I have lived in two rather large metropolitan areas: the Twin Cities, with its two million people, and Los Angeles, with, well, way too many people. I chose to move to Anchorage eleven years ago not because I was looking for urban, but because I was looking for wild with just the right amount of urban. I have grown in my knowledge over time that I had made the right decision, enjoying many years hiking, biking and Nordic skiing on Anchorage trails, enjoying fishing for salmon in its streams, savoring moments paddling in my canoe on its lakes, and enjoying picking berries in its forests and alpine slopes. Most of all, over those years, I have enjoyed photographing in the wild places of Anchorage, in its greenbelts, watersheds, valleys and coastal areas.
I have lived here only eleven years, but I get it. I get why Anchorage is a special place. I get what makes it stand out against Seattle, Portland, Minneapolis, Chicago, Los Angeles, New York … all the cities where I have been. Anchorage has actual, real wild habitat within the confines of the actual city, and most of that is accessible by the public. You can see bear, moose, red fox, coyote, even wolves within the confines of the city. You can fish for salmon only a five minute walk from downtown. You can enjoy the call of a loon in the evening if you live near a lake. You can be on a mountainside picking blueberries after only a twenty minute drive or so.
I get it. But our mayor, Dan Sullivan, sure as hell does not.
About two years ago, I made contact with the Great Land Trust to put my photography to use in helping them to secure wild places so they could be set aside for conservation purposes. Simply put, the Trust works with private landowners who have property of some greater value to habitat, public use, or some other aspect that makes the property worth while in preserving for public use or conservation. The Trust raises money to purchase the land, then either maintains ownership of the land and makes it available for public or conservation benefit, or donates the land to the state or local government, with the caveat that the property is preserved in a conservation trust, often in the form of a conservation easement. The Trust will also negotiate with private landowners to obtain a conservation easement over the owner’s land, allowing access to public lands that are otherwise not easily reachable. Sometimes that involves purchasing private land outright so that existing parks and preserves, like Chugach State Park and the Anchorage Coastal Wildlife Refuge, have more public access.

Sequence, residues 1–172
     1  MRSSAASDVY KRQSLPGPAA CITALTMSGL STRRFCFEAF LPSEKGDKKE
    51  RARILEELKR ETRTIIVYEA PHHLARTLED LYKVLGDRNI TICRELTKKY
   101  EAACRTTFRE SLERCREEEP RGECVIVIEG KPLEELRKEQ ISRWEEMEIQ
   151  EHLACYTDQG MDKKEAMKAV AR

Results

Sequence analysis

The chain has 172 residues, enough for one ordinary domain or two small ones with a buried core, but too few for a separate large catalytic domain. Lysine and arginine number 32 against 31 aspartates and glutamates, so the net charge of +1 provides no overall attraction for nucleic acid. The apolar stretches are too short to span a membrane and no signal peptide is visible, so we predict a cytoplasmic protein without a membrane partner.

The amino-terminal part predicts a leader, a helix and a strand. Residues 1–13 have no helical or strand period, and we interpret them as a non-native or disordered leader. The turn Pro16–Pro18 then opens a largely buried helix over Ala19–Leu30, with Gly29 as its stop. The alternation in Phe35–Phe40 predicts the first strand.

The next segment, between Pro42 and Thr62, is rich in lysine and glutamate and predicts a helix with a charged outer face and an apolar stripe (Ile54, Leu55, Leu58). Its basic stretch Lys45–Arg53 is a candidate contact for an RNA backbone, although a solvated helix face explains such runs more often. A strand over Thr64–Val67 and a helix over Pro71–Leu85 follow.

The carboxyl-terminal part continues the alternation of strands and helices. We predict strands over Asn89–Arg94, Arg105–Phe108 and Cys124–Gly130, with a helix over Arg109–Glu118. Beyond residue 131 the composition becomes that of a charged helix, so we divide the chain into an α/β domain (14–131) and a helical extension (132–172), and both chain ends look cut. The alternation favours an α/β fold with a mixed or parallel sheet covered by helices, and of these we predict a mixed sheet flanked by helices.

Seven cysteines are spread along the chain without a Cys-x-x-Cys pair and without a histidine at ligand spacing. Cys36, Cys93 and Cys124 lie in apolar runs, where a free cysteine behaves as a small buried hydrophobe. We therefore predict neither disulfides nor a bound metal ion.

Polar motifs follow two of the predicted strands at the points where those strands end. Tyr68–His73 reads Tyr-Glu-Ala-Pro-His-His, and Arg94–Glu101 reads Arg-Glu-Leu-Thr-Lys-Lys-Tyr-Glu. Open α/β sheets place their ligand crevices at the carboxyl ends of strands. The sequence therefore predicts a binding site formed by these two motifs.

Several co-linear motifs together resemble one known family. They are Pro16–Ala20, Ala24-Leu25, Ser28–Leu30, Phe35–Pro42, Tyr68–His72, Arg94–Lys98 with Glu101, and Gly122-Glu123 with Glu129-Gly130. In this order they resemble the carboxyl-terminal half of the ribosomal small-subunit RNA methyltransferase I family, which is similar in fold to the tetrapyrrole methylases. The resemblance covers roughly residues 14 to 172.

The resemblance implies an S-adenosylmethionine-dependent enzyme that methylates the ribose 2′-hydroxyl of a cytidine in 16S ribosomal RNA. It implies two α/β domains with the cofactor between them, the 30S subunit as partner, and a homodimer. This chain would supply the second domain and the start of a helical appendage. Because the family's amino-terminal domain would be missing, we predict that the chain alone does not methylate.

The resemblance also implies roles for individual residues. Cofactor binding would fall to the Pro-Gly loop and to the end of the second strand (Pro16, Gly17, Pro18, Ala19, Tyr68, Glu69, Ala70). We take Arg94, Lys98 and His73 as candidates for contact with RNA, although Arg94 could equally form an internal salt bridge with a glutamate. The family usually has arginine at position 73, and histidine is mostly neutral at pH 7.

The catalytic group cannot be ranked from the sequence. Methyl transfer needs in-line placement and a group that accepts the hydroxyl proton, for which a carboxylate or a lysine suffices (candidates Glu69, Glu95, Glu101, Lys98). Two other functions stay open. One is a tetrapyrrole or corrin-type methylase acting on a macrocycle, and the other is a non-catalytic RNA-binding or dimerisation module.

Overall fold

Last year, I met up with someone from the Trust to go photograph the Campbell Creek estuary in the Anchorage Coastal Wildlife Refuge. Not that the estuary itself is not already protected to some degree, but the purpose of the visit was to highlight the estuary to assist in fundraising for purchasing private land that would provide public access to the coastal refuge in that area and ensure greater protection for the estuary by limiting development. You see, there is no legal public access to the coastal refuge on the west side of Seward Highway from all the way down by Potter Marsh to all the way up to Kincaid Park. Why not? Because half of the land is all privately owned, and the other half is blocked by an easement for the Alaska Railroad. The Railroad, a State-owned entity, considers it trespassing to cross the tracks to access the Refuge, and I have been threatened by Alaska Railroad security before for, God forbid, trying to access public land so I could photograph it.
So I took these photos of the Campbell Creek estuary in hopes that the Trust would be able to meet its goal to purchase the land. I saw the value of having the access, of making more of the coastal refuge accessible to the public. There is no reason that a handful of property owners should be able to block access. I had not heard of how the Trust was progressing in its effort to secure funding. Until yesterday.
I felt my stomach sink when I saw the headline on the Anchorage Daily News website yesterday: “Mayor turns down deal for park at Campbell Lake.” I read the article, and became increasingly furious as I read. I will not reiterate all of the idiocy that spewed from the mayor’s lips and translated to a few statements in the article, but the most egregious were his assertions that there is not enough money to manage the parks as it is, and the land would be better used to plant thirty or forty homes anyway. But the worst, the absolute worst, is his claim that we have too much parkland already. Among the too many parks that the mayor identified is the Lake George Preserve, which can only be accessed by float plane. Yep, I bet a lot of people can freely get out there.